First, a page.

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Should Residents of Hurricane States Pay Higher Taxes?. Hurricane Recovery is Very Costly.

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posted on Sep, 12 2017 @ 09:25 AM
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a reply to: DanDanDat

how far inland did this hurricane cause problems??? heck, we're getting rain from it where I am at. what about harvey, how far inland did that effect? what you are proposing is to make the coastline into a nature preserve/recreation area.. but then to have a recreation area, you are gonna need some kind of businesses close by for those who wish to relax and enjoy that beach to buy gas, drinks, ect. then there's the fishing industry, one of the big hits this time was on a fishing community. you still need employees and just how far to you think someone is gonna travel for their minimum wage convenience store job? all those hotels and such on the beachfront serves to weaken that storm much more than just flat beach sand would. wouldn't eliminating them just bring the damage further inland anyways??


edit on 12-9-2017 by dawnstar because: (no reason given)




posted on Sep, 12 2017 @ 09:31 AM
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I tease my wife, who grew up in Florida, that each individual/family only gets federal financial aid for hurricane damage ONCE. Ever. After that if you are still dumb enough to rebuild and live in the hurricane zone then all damages and responsibility are yours alone, not the rest of the country's.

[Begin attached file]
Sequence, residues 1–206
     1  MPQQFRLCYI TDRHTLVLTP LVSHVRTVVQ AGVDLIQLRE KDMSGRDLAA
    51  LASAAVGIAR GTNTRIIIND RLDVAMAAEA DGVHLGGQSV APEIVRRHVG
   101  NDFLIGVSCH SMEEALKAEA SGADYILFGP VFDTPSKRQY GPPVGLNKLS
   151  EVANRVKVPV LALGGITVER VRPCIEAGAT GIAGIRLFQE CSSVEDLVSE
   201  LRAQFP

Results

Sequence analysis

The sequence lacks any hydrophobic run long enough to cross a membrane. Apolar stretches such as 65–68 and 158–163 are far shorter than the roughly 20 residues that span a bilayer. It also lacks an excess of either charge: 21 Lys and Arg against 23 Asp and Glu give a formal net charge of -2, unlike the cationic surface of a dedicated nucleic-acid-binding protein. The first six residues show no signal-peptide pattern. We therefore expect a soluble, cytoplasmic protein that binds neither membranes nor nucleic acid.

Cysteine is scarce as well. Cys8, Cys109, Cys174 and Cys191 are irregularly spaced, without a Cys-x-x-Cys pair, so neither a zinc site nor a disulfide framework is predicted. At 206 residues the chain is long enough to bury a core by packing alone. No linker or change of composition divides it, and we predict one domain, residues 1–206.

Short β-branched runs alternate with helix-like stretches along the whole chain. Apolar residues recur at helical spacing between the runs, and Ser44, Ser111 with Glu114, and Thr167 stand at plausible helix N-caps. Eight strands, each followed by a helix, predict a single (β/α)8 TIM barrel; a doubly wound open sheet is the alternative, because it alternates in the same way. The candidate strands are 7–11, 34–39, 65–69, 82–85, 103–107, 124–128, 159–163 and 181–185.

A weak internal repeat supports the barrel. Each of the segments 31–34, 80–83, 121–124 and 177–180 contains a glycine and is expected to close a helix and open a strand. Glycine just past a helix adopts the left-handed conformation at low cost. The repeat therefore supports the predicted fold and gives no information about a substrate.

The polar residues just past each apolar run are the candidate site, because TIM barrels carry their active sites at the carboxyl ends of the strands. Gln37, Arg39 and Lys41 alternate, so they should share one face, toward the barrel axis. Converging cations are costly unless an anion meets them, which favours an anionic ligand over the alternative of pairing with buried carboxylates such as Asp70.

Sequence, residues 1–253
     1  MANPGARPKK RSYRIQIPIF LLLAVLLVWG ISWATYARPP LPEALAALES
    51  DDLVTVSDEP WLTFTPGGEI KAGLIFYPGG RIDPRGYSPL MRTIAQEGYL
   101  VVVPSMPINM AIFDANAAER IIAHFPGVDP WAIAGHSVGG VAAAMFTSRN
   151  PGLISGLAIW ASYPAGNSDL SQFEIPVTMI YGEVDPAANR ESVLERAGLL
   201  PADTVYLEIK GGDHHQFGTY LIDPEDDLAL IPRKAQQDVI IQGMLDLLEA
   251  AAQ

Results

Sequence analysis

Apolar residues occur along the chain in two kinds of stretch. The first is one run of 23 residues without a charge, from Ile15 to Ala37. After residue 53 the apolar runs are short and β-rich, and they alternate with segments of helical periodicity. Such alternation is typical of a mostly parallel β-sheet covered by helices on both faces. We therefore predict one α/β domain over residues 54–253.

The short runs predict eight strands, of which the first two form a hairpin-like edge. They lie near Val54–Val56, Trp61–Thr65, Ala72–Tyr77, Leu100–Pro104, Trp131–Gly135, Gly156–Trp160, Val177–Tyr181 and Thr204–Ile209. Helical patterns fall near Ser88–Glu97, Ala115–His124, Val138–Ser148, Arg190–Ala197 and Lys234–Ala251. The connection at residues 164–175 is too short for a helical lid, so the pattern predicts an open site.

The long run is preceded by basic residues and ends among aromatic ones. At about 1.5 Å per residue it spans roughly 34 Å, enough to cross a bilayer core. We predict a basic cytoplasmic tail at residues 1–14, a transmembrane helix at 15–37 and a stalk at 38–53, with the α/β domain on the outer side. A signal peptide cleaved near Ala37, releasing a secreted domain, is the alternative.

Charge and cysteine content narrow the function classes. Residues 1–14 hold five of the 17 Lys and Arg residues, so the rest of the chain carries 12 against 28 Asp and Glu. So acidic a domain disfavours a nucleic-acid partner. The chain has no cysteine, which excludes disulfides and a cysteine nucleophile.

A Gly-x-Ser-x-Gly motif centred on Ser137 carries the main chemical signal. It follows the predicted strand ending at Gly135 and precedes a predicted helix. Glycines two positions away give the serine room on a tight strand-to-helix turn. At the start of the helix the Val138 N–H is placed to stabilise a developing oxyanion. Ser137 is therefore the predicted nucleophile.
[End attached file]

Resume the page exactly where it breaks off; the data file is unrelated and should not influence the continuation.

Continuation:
Now if the state of Florida wants to somehow provide financial aid for hurricane damages that is a different story. It's in their best interest obviously to keep people living there. But don't make the rest of the country pay for it.



posted on Sep, 12 2017 @ 09:56 AM
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a reply to: jjkenobi
I like your idea.

We should just label Florida a land of danger, and charge everyone an entrance fee.

That money will then go to the Florida relief fund, and will take care of any repairs for any Floridians.

We would have to charge additional fees for snowbirds, and for any long term visitors.

Everyone wins. The average American won't have to see their tax dollars go to stupid people that live in coastal areas, and those that want to vacation along the coast, will pay for the privilege of rubbing elbows with the foolhardy.

I am sure this will make the average American ecstatic, as they watch their tax dollars go to much more worthy causes, like tearing down crosses, and monuments. There even may be a few dollars left over for saving the rats.

edit on 12-9-2017 by NightSkyeB4Dawn because: Mobile madness.



posted on Sep, 12 2017 @ 11:49 AM
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Higher taxes are not needed to fix these problems and more in America. Of the $1,000,000,000,000+ federal budget, about 80% of that does to direct and indirect military costs. That leaves only about 20% to pay for everything else, including the interest on the federal debt. It's repulsive, how our tax money is squandered.


(post by lakenheath24 removed for a manners violation)

posted on Sep, 12 2017 @ 05:49 PM
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a reply to: enlightenedservant


I was comparing Tennessee to Chicago, LOL.



posted on Sep, 12 2017 @ 05:58 PM
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a reply to: LadyGreenEyes